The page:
SAAHTT has always been fascinated by the potential of ICT to fight trafficking in persons in Southern Africa. There has been quite significant buzz around the idea that the next decade will be the ‘mobile decade’. The smartphone has brought the internet to the phone. These represent exciting times for Africa and for agents for social change in particular. Mobile penetration in Africa has been on an upward trajectory and mobile access has improved communications in the rural areas of developing Africa in a way that could not be imagined. Coupled with this is the ever increasing internet penetration in countries like South Africa, Kenya, Uganda and Zimbabwe.
This is of intrigue to modern day abolitionist organisations like SAAHTT who seek to harness all effective tools to fight the scourge of human trafficking in Southern Africa. The more networked people are the easier it is to share information. This information could be on raising human trafficking awareness, receiving information on potential trafficking cases, sending updates of SAAHTT anti-trafficking activities among a host of other activities. The concept of Technology for Development (tech4D) has always held so much promise particularly due to the fact that mobile telephony innovations have advanced to the stage where there are now ‘ridiculously’ cheap software solutions that allow for mass SMS based communications two way.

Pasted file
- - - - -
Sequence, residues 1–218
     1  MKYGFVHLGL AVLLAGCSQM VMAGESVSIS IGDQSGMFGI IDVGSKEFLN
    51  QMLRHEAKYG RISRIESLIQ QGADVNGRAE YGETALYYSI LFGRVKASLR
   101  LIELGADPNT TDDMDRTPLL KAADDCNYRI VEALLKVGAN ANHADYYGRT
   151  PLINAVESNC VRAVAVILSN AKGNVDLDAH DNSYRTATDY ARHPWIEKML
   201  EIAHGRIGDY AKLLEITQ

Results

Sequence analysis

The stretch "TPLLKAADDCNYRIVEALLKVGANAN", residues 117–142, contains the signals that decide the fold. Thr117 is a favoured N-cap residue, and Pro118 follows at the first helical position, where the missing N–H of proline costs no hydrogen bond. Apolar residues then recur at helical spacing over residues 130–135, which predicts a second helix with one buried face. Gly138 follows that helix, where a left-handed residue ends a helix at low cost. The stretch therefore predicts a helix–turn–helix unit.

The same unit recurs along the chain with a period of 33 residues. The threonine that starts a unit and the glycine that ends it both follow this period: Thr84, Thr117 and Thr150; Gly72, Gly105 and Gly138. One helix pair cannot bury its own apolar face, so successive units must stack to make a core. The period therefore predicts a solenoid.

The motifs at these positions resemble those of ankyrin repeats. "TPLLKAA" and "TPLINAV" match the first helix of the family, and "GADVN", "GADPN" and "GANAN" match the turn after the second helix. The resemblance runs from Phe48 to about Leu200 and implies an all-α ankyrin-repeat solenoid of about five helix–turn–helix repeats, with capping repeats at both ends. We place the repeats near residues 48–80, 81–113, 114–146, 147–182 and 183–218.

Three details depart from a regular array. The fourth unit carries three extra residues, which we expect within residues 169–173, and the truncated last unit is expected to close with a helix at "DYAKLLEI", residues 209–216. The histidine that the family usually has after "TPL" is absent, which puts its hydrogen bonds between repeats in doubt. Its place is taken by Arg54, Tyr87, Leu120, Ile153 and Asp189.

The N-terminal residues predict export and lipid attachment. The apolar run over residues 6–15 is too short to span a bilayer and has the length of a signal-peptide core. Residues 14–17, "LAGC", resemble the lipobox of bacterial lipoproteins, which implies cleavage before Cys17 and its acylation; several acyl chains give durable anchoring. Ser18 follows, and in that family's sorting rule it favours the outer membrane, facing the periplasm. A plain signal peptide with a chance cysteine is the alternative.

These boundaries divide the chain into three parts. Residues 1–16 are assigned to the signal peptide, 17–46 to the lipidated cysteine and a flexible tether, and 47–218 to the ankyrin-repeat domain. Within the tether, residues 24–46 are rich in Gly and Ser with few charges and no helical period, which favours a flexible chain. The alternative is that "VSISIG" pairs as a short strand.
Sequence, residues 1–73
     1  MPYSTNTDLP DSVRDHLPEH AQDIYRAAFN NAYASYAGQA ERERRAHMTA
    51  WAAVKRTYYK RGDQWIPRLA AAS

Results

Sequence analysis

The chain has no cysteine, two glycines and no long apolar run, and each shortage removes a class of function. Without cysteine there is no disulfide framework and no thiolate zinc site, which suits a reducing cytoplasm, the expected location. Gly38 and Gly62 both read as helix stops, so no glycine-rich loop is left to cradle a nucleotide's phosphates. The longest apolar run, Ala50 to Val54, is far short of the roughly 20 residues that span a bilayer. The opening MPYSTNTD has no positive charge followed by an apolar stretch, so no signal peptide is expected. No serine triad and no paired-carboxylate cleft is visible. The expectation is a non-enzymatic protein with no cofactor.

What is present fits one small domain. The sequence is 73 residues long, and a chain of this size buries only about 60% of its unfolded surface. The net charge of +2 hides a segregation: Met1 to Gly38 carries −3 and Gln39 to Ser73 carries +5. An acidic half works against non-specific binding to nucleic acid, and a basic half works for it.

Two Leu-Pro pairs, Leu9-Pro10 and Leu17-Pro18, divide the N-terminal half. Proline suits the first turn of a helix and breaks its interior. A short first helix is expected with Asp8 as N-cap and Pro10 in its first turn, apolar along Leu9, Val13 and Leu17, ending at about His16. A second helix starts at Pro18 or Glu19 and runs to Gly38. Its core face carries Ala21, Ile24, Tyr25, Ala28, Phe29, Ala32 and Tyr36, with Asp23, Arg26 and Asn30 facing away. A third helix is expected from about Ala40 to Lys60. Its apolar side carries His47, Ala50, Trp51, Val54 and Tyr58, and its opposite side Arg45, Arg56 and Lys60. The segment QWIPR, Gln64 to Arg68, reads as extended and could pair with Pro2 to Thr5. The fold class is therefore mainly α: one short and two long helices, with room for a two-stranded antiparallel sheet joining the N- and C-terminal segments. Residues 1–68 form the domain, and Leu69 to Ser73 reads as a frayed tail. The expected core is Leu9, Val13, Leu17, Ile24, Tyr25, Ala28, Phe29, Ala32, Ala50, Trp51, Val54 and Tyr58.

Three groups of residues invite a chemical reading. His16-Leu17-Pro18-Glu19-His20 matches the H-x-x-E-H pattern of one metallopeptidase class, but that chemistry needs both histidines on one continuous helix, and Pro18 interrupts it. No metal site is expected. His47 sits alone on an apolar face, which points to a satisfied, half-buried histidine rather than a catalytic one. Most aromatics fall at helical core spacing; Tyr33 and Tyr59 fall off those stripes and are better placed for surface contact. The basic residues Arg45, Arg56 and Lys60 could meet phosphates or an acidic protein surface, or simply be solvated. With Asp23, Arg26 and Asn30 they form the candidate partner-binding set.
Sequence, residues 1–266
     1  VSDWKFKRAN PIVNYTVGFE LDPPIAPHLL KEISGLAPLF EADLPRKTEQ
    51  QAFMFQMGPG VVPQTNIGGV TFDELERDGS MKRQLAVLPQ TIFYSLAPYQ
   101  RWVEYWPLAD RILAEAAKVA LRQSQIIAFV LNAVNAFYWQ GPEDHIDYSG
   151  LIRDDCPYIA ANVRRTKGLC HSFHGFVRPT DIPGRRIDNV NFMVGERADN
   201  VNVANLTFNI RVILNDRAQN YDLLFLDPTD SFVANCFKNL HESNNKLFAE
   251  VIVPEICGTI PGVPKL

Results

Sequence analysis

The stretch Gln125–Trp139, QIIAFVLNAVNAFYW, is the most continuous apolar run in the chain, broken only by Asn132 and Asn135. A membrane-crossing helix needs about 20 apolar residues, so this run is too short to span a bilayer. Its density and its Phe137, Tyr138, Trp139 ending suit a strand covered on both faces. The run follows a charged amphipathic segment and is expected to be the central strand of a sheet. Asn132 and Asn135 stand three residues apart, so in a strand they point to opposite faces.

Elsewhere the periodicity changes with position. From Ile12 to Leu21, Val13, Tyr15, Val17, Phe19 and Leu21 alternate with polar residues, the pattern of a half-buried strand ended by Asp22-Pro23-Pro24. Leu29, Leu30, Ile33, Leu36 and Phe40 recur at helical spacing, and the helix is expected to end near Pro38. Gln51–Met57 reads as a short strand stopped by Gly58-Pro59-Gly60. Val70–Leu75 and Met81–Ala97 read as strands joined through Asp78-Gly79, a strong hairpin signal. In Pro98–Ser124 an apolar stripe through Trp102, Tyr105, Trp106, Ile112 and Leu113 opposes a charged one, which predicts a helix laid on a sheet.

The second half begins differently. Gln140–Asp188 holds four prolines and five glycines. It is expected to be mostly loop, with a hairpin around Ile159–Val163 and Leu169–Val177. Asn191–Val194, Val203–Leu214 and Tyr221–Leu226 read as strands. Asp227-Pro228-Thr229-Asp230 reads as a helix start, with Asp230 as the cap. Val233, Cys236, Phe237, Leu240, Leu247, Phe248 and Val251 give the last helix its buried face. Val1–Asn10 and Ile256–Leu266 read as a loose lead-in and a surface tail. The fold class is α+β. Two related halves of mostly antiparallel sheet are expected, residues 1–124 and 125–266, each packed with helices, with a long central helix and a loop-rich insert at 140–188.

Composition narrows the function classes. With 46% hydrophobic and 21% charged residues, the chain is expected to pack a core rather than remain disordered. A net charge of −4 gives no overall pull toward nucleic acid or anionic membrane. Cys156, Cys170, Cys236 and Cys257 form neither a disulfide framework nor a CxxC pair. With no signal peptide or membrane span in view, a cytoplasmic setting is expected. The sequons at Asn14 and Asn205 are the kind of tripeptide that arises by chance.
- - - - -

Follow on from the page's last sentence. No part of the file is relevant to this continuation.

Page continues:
The prospect of deploying mobile technology, that does not require internet connections, to fight human trafficking is a remarkable thought that can be actioned by acquiring the right tools and mobilising the necessary resources, which aren’t much. This story on the Kiwanja blog explores how other non-profits have begun to use SMS based tools to fight human trafficking.